gaslight 31all of this feeds as it were a path of glass through the movie from the space and its history, to the mirror as representing the space overlain by a counterspace of deception, then representing deception in its many forms in the house, carried over to the wildflower plant, to represent her state of nerves in a state of suspicion. This is a much more lamped movie, the lamp is instrumentalized more. But, then, even better, it is extenuated through other objects more too. There are a lot pictures in this version of the story too, but what distinguishes my treatment of this version and the Hollywood is that while in the latter I found that the pictures played a central role, in this one, I am less certain. I think rather the pictures exist as supportive objects to the lamp, and as carriers of gaslight into all conversational moments, by way of the fact that here they are more often circular, that is, the cameo is the gaslight formation of a picture. We see these all over early on. The gaslight profiles a rococo oval, which itself represents going down the primrose path, and, even, in the context of his flirtation with the maid, his erotic adventure with her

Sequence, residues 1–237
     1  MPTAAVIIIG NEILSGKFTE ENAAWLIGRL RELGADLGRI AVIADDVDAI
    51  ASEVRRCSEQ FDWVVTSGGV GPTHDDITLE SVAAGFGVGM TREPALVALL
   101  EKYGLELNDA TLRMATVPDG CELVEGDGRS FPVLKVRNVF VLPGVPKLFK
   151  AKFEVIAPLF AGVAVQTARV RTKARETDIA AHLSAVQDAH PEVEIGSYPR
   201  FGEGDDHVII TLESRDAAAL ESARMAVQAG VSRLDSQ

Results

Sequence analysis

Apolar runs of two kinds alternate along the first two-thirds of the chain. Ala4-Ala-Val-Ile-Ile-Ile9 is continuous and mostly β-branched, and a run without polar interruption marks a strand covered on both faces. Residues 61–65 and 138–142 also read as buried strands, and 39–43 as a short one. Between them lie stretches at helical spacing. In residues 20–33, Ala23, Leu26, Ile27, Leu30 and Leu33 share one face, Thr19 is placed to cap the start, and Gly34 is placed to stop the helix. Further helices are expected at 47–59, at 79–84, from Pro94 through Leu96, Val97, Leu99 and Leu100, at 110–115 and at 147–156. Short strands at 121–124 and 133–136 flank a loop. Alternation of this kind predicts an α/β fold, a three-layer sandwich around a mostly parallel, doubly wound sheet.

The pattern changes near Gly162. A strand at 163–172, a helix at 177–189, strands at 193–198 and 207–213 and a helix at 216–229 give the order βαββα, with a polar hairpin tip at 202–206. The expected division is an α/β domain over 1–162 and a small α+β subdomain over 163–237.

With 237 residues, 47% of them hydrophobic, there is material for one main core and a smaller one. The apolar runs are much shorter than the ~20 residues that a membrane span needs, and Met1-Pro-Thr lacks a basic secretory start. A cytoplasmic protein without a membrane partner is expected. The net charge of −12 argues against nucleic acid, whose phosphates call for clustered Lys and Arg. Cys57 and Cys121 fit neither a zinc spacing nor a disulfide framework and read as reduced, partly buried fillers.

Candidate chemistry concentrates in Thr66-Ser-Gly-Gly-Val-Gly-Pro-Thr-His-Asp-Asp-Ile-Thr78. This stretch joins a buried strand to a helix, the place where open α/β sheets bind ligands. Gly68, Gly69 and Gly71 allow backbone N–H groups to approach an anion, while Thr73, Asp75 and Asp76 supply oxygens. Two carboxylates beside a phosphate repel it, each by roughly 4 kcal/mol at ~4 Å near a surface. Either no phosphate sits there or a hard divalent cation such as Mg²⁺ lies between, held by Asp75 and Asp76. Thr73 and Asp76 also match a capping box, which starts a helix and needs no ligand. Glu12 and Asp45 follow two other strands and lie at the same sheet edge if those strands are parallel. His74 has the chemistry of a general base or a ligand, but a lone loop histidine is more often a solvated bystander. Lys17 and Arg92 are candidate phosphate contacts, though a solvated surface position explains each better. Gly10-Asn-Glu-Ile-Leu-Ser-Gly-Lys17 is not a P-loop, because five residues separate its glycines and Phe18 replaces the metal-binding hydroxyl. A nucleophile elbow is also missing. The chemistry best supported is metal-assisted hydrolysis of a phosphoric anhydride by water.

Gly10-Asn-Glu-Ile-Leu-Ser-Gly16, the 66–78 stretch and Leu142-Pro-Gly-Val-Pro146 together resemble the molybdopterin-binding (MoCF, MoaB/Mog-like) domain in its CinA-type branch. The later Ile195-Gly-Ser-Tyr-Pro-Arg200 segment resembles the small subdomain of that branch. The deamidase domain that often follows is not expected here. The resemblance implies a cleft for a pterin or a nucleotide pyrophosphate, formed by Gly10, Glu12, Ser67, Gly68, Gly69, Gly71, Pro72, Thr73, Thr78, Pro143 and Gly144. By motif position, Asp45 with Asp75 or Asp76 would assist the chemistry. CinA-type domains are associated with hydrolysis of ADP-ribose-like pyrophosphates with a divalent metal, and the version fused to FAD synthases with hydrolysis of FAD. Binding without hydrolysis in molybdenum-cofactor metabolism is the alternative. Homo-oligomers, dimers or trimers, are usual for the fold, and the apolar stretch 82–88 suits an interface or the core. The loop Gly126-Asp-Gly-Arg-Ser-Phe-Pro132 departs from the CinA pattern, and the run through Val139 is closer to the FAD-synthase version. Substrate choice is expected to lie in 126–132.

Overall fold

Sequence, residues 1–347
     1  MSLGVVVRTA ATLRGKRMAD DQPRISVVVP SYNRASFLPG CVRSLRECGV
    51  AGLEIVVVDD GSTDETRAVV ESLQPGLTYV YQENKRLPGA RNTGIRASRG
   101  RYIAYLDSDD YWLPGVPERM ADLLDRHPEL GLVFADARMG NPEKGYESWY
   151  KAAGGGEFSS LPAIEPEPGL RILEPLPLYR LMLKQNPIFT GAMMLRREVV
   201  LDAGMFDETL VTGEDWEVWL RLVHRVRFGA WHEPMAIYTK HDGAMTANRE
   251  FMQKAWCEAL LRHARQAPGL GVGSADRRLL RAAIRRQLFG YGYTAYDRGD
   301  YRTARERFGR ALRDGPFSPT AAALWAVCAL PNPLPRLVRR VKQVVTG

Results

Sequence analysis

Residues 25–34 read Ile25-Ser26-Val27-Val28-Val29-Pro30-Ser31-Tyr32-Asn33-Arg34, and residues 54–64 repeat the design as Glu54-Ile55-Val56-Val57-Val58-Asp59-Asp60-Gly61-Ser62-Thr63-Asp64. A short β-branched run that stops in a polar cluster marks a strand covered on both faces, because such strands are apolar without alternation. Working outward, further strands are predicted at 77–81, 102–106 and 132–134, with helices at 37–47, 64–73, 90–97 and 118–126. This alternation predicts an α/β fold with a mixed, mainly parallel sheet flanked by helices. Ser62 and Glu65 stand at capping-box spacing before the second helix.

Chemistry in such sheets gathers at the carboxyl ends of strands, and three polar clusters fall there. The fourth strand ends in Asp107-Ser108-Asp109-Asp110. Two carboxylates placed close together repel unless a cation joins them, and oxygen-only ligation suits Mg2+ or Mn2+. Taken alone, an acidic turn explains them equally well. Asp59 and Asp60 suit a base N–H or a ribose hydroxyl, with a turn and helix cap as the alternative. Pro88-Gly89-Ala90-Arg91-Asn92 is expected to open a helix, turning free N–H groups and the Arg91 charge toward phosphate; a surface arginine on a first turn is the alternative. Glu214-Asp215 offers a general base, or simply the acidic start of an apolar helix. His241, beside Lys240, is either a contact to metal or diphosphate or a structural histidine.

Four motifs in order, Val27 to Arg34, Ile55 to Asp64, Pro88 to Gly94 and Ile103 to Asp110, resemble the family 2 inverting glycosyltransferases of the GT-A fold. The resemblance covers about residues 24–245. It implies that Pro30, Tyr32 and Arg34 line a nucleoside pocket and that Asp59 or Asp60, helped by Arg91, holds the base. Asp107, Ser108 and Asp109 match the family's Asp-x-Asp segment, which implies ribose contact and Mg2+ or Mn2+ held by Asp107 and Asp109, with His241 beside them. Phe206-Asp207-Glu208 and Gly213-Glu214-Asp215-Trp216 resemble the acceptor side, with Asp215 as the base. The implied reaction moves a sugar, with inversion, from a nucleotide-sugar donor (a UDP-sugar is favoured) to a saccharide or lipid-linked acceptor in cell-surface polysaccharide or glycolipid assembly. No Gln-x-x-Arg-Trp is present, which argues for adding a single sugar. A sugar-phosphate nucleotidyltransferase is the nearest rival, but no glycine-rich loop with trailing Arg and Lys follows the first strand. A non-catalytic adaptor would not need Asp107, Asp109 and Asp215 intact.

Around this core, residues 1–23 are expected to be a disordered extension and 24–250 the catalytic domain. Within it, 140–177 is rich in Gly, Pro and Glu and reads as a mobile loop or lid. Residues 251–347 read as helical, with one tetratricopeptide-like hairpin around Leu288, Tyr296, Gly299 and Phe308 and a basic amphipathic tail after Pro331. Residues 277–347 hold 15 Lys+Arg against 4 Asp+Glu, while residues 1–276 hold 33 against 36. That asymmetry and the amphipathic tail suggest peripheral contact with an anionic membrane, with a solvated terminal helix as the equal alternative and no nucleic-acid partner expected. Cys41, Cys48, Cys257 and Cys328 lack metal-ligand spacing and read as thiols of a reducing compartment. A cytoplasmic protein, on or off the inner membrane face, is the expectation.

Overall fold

gaslight 32when he plays the piano he is surrounded by oval and round pictures, under glass

gaslight 33they are everywhere, here I count nine oval or circular pictures

gaslight 34this shot indicates that the cameo picture might in fact be a revolving-door device to encapsulate in it not only the gaslight concept, but the mirror concept, and also, which I wont talk about here, the clock time-passing concept